This is a blog about music, photography, history, and culture.
These are photographs from my collection that tell a story about lost time and forgotten music.

Mike Brubaker
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Men with Hats — A Reprise

28 June 2018

Top hats. Where have they gone?
Today's modern orchestra musicians,
that is the gentlemen in the symphony,
still dress
for concerts
in a formal suit of white tie and tailcoat
that has changed little since the early 19th century.

Yet we got rid of the hat.

Sometimes called a stove pipe hat, a topper,
or a zylinder in German, a top hat must have been
a lot of bother to keep clean.
As its shape does not easily balance on a coat hook,
was there a special wardrobe shelf
backstage for musicians to store them?
Did men write their names inside the hats
so as to keep them from getting mixed up?

Inquiring minds want to know.

And what were the rules?
Surely top hats were worn
only for outdoor performances.
But even for morning concerts?
Was it bowler hats until 4:55
and top hats after 5?

And what about top hat styles?
Shiny silk or matte finish?
Wide band or narrow?
Gray for spring/summer
and black for autumn/winter?
Could a section player's hat
be taller than the leader's?
Did players keep their sheet music
rolled up in the hat?

And did the tradition of musical top hats
stop altogether at one time,
or did some musicians
hold out longer for the old manly fashion?

This dapper bunch of 24 top hatted gentlemen
were called the

West Riding Imperial Orchestra,
Military Section.
Garratt, Phot.

They were musicians
from West Riding County in Yorkshire, England,
most likely the city of Leeds,
which is where their postcard was printed.
Though captioned an "orchestra", there is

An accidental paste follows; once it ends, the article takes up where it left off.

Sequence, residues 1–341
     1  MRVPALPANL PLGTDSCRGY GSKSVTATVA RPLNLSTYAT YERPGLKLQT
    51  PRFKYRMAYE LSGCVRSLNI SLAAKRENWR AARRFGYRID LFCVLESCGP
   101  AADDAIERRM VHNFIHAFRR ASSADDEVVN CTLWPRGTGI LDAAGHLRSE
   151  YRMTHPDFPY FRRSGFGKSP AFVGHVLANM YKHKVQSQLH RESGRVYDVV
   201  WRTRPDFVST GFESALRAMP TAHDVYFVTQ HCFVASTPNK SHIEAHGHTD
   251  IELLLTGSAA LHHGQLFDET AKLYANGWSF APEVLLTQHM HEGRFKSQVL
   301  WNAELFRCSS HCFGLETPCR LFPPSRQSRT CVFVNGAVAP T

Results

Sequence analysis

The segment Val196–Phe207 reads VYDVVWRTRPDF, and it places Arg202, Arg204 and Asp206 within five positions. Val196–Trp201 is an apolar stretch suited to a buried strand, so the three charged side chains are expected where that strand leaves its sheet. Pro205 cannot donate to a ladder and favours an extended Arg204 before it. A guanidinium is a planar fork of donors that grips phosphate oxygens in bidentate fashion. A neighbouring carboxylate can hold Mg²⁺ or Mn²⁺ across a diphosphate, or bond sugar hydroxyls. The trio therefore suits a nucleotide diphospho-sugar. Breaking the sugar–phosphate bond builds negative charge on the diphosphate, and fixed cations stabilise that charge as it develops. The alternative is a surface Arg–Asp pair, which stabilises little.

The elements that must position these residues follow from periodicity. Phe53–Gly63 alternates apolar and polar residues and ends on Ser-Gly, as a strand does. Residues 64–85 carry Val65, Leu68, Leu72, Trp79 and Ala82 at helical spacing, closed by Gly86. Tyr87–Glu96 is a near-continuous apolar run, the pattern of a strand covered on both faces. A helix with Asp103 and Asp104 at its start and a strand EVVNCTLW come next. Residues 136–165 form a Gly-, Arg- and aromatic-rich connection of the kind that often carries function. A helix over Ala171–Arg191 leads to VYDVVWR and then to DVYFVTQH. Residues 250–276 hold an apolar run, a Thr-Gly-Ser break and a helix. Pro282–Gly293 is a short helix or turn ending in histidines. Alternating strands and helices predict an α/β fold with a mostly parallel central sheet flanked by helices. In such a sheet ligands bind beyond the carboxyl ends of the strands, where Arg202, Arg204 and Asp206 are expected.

just one string player, a double bassist,
so this ensemble is actually a concert band instrumentation
with flute, oboe, five clarinets, alto saxophone,
two bassoons (a mark of a military band),
two horns (the second one hidden behind the first),
two cornets, three trombones, euphonium, two tubas,
string bass, and two percussionists.
(The second drummer is the musician without instrument,
third row right. Perhaps he played the bell chimes on the left.)

This post is a slight improvement
on a post originally published

on 18 December 2009 as Men with Hats

With their high class chapeaus
this band bears a strong resemblance to
The Band at Scarborough Spa
which I wrote about in May 2012.

Though I've been unable to find anything specific
on the West Riding Imperial Orchestra,
I believe their photo dates from around 1905-1914.
At first I assumed they were standing at a band stand,
but I now
think the West Riding Imperial Orchestra's photo

was taken in the Canal Gardens of Roundhay Park in Leeds,
on the steps to John Barran's Drinking Fountain.

Canal Gardens, Roundhay Park, Leeds
Source: The Internets

A tiny bit of curved dentil molding appears in between
the tuba and trombone on the top row right.
I think it matches the arched drinking fountains
at Roundhay Park in Leeds.

And speaking of drinking,
did the Military Section of
the West Riding Imperial Orchestra
have a favorite pub?
Were top hats allowed?

This is my contribution to Sepia Saturday
where everyone loves a brass band.


Barbara Rogers said...

Great take off on the meme! I was waiting with baited breath to see what you came up with! You did not let me down!

Mollys Canopy said...

Nice post and teriffic top hats. Women used hat boxes back in the day...I wonder if me did as well? In old movies, top-hatted gentleman arriving at clubs/restaurants usually invert the hat, drop in their gloves and hand it to the hat check staff. Perhaps these hats were stored upside down at home? Or on the road? So many questions to ponder from your single post card!

Susan Kelly said...

Dapper, indeed. Great style, which is now lost.

La Nightingail said...

Ah yes. They were putting on their top hats, tying up their white ties, brushing off their tails, duding up their shirt fronts, putting in shirt studs, polishing up their nails. :) Neat post. Men do look glamorous wearing top hats!

Kathy Morales said...

I think I hesitated to begin this week because who can cover a band better that you? And I realized that if I had paid better attention, I would have learned from you that a cornet band was not a band comprised exclusively of cornets!

Helen Killeen Bauch McHargue said...

Great sleuthing as always. Such a tiny bit of molding gives away the location. Did they
write their names in their hats?


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